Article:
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The Supreme Court has unanimously found that a former diplomat would not be entitled to diplomatic immunity in relation a claim of human trafficking brought by a domestic worker because the worker’s employment and alleged treatment would not constitute acts performed in the course of the diplomat’s official functions (within the meaning of Articles 31(1)(c) and 39(2) of the 1961 Vienna Convention on Diplomatic Relations). 

The Court unanimously held that in such circumstances the diplomat would have lost any immunity from the moment his posting at the Saudi Embassy in London came to an end and it did not matter that the claim was originally issued at a time when he was a serving diplomatic agent in the UK.

A majority of the Court (3:2) also indicated that it saw substance in the argument that the employment of a domestic worker, where the conditions of her employment constituted human trafficking, amounted to a “commercial activity exercised by the diplomatic agent in the receiving State outside his official functions” (under Article 31(1)(c) of the 1961 Convention). It would follow from this argument that immunity should not stop a trafficked worker bringing a claim against her diplomat employer even while the diplomat remains in post. In circumstances where the Court had found in favour of the claimant, Ms Reyes, on the issue of loss of immunity, it did not determine this issue.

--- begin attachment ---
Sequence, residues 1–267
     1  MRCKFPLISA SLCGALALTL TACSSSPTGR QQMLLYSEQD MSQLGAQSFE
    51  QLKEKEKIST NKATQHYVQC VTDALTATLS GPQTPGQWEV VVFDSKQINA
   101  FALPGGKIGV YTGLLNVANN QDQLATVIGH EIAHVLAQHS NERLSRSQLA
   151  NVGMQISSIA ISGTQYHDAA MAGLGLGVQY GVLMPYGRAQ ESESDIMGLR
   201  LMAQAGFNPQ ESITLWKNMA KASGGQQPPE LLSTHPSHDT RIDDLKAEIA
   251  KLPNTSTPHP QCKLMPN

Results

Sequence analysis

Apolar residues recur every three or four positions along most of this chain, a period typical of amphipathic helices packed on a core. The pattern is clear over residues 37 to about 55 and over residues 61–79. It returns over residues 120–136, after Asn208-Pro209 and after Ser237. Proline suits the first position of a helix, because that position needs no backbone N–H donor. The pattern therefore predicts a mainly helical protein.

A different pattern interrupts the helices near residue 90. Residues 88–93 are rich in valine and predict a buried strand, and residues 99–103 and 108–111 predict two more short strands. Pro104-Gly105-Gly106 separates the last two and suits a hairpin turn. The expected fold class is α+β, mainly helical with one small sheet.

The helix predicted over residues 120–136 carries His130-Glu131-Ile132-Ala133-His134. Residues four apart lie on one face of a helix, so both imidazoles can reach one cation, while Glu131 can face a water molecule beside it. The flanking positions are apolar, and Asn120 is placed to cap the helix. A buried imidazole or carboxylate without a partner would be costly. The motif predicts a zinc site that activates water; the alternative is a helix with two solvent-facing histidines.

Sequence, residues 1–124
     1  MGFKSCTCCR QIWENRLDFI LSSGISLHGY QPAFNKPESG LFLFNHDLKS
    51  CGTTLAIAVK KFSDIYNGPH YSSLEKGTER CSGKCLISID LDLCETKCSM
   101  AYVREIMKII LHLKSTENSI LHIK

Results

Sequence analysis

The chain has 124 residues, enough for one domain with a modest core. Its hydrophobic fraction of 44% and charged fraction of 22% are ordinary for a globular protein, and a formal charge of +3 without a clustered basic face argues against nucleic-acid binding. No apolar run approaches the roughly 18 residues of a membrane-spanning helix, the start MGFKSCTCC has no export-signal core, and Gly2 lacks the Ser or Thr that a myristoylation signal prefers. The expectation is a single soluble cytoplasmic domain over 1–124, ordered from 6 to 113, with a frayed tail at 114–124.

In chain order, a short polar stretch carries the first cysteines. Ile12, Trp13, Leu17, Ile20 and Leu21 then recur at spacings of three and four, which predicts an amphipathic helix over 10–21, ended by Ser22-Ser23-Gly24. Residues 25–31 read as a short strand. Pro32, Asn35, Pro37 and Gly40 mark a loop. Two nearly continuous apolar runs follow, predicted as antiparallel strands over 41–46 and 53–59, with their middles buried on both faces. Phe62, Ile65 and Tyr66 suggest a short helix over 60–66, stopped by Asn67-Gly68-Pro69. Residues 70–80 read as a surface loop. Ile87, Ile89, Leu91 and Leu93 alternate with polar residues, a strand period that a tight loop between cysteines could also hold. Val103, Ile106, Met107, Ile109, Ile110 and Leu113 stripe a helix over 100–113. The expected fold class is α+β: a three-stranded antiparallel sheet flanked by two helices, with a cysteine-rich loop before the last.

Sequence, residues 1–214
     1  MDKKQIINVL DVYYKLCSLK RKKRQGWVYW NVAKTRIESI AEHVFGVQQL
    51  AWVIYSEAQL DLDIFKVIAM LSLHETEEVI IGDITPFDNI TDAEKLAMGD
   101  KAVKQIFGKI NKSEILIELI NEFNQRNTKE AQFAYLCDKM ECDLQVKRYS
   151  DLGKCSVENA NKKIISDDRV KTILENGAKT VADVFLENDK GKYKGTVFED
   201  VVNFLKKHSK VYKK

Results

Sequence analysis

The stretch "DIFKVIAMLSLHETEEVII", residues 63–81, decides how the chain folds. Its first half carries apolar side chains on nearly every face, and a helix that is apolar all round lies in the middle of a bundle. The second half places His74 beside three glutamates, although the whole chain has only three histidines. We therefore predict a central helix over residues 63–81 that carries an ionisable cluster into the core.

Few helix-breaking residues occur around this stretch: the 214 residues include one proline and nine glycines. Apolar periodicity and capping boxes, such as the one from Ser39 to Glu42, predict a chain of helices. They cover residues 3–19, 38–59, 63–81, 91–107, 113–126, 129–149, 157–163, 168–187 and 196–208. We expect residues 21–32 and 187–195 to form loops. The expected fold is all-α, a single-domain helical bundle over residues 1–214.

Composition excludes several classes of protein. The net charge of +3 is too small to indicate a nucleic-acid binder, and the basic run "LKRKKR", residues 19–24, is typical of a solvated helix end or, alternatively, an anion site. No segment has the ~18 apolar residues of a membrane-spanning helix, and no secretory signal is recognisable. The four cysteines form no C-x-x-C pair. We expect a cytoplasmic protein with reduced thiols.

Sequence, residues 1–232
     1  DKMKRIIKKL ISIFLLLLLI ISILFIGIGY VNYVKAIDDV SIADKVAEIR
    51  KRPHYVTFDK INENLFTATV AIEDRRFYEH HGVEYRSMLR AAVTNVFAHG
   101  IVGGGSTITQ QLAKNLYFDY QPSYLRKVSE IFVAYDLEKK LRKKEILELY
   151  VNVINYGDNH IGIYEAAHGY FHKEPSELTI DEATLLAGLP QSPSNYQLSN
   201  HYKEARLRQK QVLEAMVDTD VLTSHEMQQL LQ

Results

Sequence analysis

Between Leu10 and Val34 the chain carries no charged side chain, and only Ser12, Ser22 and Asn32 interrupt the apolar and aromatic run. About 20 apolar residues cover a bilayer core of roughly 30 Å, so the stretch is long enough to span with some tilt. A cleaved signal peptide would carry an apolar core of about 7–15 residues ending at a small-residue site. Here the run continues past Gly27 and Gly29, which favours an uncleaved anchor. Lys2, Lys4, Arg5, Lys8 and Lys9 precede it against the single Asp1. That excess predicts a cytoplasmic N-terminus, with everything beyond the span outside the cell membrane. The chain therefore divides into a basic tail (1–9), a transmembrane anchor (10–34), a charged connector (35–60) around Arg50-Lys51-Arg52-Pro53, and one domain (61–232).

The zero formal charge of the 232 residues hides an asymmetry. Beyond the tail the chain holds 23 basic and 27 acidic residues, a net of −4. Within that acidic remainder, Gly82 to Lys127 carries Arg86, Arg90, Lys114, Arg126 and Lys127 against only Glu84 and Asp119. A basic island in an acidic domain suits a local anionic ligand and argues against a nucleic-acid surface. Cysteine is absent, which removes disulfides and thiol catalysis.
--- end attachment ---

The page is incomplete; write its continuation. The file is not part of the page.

The Court also unanimously rejected the diplomat’s contention that he had not been validly served with proceedings. The Court ruled that a claim form could be served by ordinary post to a diplomat’s residence and that this would not breach Articles 22 and 30 of the 1961 Convention (which provide that a diplomat’s residence is inviolable).

The full judgment can be read here

Timothy Otty QC and Paul Luckhurst (instructed by the Anti-Trafficking and Labour Exploitation Unit) acted for Ms Reyes.

Tom Hickman and Flora Robertson (instructed by Deighton Pierce Glynn) acted for the first intervener, Kalayaan.

Ben Jaffey QC (instructed by the Government Legal Department) acted for the second intervener, the Secretary of State for Foreign and Commonwealth Affairs.

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